It occurred to me that there'll be loads of people in the same boat as me, so here's how we can help each other out. Below I've listed what I think are the 10 acts from the UK that it's most worth making the effort to see. When you've read it let me know who I should be seeing from your home country, and then as the list builds up we'll all have a great list of some cool acts to watch.

Gold Panda - creator of 'Lucky Shiner', my favourite album of 2010 (review here Proof that electronic music doesn’t have to be cold and clinical, here was an instrumental album that managed to be touching and tell a story through its tracks.

Darkstar - ‘North’ was another of my top 10 albums from 2010 (review here Downbeat but somehow uplifting, especially their cover of The Human League’s ‘Gold'.

Edwyn Collins - a hero on so many levels. Writer of some of the best songs ever ('Rip It Up' and 'A Girl Like You' being just two) and more recently, survivor of 2 strokes, MRSA and aphasia. For a humbling and inspiring read, check out 'Falling and Laughing: The Restoration of Edwyn Collins' by Grace Maxwell.

Anna Calvi - a demon with the guitar, at times almost a female Jeff Buckley, at others like the secret bastard lovechild that PJ Harvey would've produced if Nick Cave had been allowed to have his wicked way with her (believe me, he tried...)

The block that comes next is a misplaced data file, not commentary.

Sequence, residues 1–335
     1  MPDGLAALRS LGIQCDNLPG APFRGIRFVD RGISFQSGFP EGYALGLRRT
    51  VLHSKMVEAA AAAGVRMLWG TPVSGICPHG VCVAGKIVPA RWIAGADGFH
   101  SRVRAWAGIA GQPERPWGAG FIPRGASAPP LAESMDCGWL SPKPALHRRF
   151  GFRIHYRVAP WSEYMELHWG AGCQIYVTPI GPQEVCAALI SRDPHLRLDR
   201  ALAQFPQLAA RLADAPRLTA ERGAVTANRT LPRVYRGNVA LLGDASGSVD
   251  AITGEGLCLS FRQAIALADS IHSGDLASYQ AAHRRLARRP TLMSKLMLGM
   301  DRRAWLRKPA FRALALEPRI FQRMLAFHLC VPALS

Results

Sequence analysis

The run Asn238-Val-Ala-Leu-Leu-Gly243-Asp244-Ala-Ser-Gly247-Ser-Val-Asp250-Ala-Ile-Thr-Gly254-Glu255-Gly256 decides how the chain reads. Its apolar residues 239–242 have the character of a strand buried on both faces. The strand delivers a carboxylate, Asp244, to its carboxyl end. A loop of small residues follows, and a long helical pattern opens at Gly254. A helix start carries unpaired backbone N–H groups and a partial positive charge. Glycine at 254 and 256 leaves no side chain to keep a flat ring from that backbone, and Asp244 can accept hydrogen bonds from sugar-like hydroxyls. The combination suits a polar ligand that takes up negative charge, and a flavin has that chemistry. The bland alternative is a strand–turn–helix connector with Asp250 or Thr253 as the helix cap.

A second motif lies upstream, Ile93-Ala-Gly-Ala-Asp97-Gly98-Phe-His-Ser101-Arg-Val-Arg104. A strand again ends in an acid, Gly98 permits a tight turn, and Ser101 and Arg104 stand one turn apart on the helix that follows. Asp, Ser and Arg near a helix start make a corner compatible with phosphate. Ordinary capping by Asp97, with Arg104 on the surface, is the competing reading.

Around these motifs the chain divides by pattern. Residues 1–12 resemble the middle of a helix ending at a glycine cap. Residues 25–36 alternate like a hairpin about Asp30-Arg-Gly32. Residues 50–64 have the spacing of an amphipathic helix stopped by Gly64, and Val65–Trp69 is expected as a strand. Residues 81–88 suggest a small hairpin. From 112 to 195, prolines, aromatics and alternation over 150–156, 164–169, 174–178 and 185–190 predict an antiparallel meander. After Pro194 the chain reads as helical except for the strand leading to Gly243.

Noah and The Whale - their second album ‘The First Days of Spring’ was a brilliant but heartbreaking tale of loss. By all accounts their 3rd, due very soon, is even better.

The Vaccines - who knows if they can make a whole album as good as lead single ‘Post Break-Up Sex’ - this is where we’ll find out.

Frankie and the Heartstrings - produced by the aforementioned Mr Collins and on the verge of greatness.

Bombay Bicycle Club - after the success of last year’s acoustic album ‘Flaws’ these energetic young things will be plugging themselves back in for your pleasure at SXSW.

Chapel Club - hotly tipped by the NME, and with a debut album produced by Paul Epworth released on 31st January, this is definitely a band to watch out for in 2011.

Bob Geldof - This year's keynote speaker has a new album out (review here ). Worth seeing to be reminded that he started life as a musician rather than a charity-working saint, and in the hope that he'll play 'I Don't Like Mondays'.

Tuesday, 25 January 2011

Dusting 'em down #1: 'This Is Big Audio Dynamite' by Big Audio Dynamite

With Mick Jones announcing that he is reforming Big Audio Dynamite with their original line-up to tour and play festivals this year, it seems like the ideal opportunity to get their first album off the shelf and see how it has stood the test of time.

After leaving / being ousted from The Clash in 1983, Jones formed the short-lived Top Risk Action Company(T.R.A.C.). It wasn’t long before this evolved into Big Audio Dynamite, who notably featured Clash film maker Don Letts on sound effects and vocals. Bassist Leo Williams remained from T.R.A.C., and they were joined by Dan Donovan (one of the many future Mr. Patsy Kensits) on keyboards and Greg Roberts on drums.